Soon after the attacks on the World Trade Centers and the Pentagon, my wife Melody and I made the decision that I would join the Army. I was commissioned as a 2nd Lieutenant in the United States Army on October 17, 2002. My first six years in the Army, I was stationed in Germany and Italy and deployed three times to the Middle East to help do my part in fighting the global war on terrorism. I have been through some very tough times in my life including 15 months in Afghanistan from May 2007- July 2008.
Those were the most difficult times I’d ever experienced until July 9, 2013 when the love of my life was diagnosed with breast cancer. I immediately felt helpless. I wanted to fix this. There was nothing I could do but sit back and hold her hand. We spent most of the first week taking turns crying on each other’s shoulder. The only thing we knew was we were going to get through this together. Melody is the most amazing woman I have ever met. We knew it was going to be a journey that would be difficult and painful. Melody would eventually undergo two surgeries and 6 weeks of daily radiation treatment. No matter how much I wanted to help, I knew it still would not be enough. I needed an outlet to help focus on in order to stay positive. I found that outlet in the YSC Tour de Pink.
July 18th, I signed up to ride the 2013 Tour de Pink. Focusing on training for this ride and raising money for this amazing cause was exactly what I needed to constructively focus my energy. I initially did not know if I would be able to raise the funds to participate. After some reluctance, I decided to take the leap. I was amazed by the support of my coworkers, family and friends. I quickly surpassed my fundraising goal and kept pushing to raise even more money.
The week of the 2013 YSC Tour De Pink, Melody was scheduled to start her radiation treatments and would not be able to attend the event with me. All she could do is meet me at the finish line. I was going to have to spend three days with 200 people that I have never met. Many were going through the difficult fight against cancer, had fought and beat the disease, and others had lost love ones to it. I could not understand how I would fit in. I really had no idea what to expect but I knew I was going to have to face it alone.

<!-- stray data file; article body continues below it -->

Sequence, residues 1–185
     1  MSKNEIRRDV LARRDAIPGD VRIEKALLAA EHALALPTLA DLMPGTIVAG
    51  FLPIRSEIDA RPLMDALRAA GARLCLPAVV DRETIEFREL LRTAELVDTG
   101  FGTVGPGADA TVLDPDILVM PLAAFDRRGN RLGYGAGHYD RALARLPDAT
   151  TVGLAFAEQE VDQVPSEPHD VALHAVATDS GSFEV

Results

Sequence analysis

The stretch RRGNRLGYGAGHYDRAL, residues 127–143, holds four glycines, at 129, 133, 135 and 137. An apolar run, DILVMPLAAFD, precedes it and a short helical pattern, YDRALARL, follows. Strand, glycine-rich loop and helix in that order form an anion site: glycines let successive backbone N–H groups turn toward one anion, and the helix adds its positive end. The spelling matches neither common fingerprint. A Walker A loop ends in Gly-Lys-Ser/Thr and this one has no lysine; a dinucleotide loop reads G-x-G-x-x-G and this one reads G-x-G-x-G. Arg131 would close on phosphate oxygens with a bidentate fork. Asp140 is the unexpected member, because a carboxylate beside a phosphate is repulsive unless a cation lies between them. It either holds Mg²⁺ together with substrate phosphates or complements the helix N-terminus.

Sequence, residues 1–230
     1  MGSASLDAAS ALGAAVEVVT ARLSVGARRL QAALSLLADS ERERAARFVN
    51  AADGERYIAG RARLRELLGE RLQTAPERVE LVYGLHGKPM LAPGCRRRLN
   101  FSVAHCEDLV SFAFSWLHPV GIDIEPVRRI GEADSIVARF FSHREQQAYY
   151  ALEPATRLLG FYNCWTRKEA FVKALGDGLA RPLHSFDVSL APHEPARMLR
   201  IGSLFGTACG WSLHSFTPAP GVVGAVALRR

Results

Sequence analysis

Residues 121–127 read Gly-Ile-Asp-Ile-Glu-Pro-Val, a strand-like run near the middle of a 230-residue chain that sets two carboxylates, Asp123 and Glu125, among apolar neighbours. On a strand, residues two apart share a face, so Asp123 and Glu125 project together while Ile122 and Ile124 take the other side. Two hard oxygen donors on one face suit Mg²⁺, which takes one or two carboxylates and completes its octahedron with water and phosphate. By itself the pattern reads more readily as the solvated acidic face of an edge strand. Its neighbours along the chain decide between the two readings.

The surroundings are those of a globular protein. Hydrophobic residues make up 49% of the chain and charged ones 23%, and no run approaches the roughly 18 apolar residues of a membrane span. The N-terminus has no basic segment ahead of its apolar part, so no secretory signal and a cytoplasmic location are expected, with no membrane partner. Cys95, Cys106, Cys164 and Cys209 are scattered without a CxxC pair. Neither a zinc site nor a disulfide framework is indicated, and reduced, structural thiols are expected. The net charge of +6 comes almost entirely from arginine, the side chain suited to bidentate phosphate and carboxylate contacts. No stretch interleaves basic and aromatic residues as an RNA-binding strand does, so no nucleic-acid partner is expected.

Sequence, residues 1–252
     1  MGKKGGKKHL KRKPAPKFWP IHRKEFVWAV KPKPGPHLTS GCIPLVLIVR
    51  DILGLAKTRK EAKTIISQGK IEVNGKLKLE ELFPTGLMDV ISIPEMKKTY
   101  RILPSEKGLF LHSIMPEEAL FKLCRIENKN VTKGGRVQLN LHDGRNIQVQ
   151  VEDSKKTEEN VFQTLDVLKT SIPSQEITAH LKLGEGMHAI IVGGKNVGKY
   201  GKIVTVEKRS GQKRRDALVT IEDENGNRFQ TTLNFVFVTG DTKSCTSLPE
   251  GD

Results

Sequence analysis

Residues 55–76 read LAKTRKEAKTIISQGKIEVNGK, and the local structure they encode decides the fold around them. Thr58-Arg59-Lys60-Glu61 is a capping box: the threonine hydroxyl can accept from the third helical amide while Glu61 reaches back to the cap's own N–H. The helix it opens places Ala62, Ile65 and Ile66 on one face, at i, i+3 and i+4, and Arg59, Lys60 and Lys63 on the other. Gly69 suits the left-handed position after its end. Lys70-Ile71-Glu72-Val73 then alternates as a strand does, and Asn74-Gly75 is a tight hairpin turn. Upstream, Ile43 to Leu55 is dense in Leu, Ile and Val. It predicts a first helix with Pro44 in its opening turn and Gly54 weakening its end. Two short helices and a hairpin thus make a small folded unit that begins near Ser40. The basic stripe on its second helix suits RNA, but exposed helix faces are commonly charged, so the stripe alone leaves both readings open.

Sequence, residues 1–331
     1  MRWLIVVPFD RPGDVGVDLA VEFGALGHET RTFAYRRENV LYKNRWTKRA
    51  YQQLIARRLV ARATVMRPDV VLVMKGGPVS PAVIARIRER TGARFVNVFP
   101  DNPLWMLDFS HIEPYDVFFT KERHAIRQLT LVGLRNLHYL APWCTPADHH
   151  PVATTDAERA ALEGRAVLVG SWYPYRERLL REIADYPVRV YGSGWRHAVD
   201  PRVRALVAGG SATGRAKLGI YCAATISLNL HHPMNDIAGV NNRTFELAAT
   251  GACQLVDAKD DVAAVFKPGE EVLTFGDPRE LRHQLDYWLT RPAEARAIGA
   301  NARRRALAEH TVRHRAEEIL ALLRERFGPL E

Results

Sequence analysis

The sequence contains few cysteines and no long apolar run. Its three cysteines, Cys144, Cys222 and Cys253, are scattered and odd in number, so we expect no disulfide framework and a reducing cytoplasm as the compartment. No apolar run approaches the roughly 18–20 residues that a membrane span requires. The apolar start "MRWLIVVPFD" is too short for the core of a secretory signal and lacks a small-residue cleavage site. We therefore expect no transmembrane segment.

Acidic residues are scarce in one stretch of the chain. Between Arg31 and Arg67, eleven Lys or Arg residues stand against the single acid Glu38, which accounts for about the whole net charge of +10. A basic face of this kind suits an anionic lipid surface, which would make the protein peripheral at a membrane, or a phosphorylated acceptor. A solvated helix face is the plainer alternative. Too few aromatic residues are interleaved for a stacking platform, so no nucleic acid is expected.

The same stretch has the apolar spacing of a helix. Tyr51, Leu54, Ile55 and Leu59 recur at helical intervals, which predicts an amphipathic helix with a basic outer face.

It turned out to be the most amazing experience I could imagine. I met so many extraordinary people. Everybody was welcoming and immediately I felt that I was part of this organization. I was one of the three individuals asked to speak the second day of the ride. I was extremely nervous to tell our story after hearing the incredible stories of the others the night before. Afterword, it was amazing to see the tears shed and get hugs from so many. By telling our story, it gave me an opportunity to give back to YSC, and form bonds with everybody. I realized the moment I left the stage that I was now a part of the organization too.
Melody is now cancer free and will continue to follow up to ensure the disease does not return. I could not take the pain from her going through all of her treatment, but I was there to provide her with loving support and care during the difficult times. We continue to fight this disease together. We rely on each other for strength and support. See you in 2016!
Share the road!
While speaking with a fellow cancer researcher I mentioned that I would be completing two 200-mile bike rides on the East and then the West Coast with several hundred other riders to raise awareness and funding for breast cancer. He questioned why I would do such a thing – ride a bike on both coasts, pedaling for hours, perhaps in poor weather or challenging road conditions, as well as shipping my bike to both locations. Then there is the issue of actually training for the ride and the harder part, raising enough funding to accomplish that goal that each rider strives towards.
I answered honestly that first and foremost it was part of an overall health strategy to be more active while giving back to an organization that I believe in, the Young Survival Coalition. Still, the cancer researcher didn’t understand the premise. He didn’t see the “value” of making and taking the time to do this for the past 6 months. He suggested to me, “Next year, write these people a check for $5,000 and call it even.” Everyday thousands of surgical pathologists, such as myself, send patients on journeys that will forever change their lives. We take care to handle their biopsies, excisions, lymph nodes and clinical laboratory samples, and create pathology reports that put in motion a series of events, emotions, appointments and follow-ups that impact patients and their caregivers. As “The Doctor’s Doctor”, surgical pathologists do not necessarily see the treatment successes, failures, recurrences and remissions beyond our diagnoses.
The three-day bike ride, the sun, wind and the occasional near miss with another cyclist, car or obstacle were nothing as compared to the experience after the ride. Many people were riding for someone, perhaps in honor of someone who is still alive or in many cases, someone who had passed.
Some of these women did the ride a year ago and now people were riding in their memory. Standing around a pickup truck after the first day drinking cold beverages, I heard about the sisters, sister-in-laws, mothers and daughters who people made sure to remember on their bikes, their jerseys and in their hearts.
Dinner as a group was filled with more stories from caregivers, families and friends. Honestly, this was harder than peddling a bike, even into a headwind, with sore legs and bottom. It made riding a bike seem pedestrian compared to what some people face with the toll it takes on their families and ultimately their life. It makes you appreciate the health you have, the ability you have to ride for others who cannot. Those 50, 60 or 100 miles are quickly forgotten when you hear about journeys that aren’t solved by shifting gears or conveniently pulling over for some carbohydrates and hydration.
As a tissue pathologist, these experiences remind me that “every slide is a life” in a way you cannot see in a laboratory alone. And something I would not have experienced had I simply mailed a check and “called it even”.
Our team “Why We Ride” raised over $100,000 for YSC! See you all next September!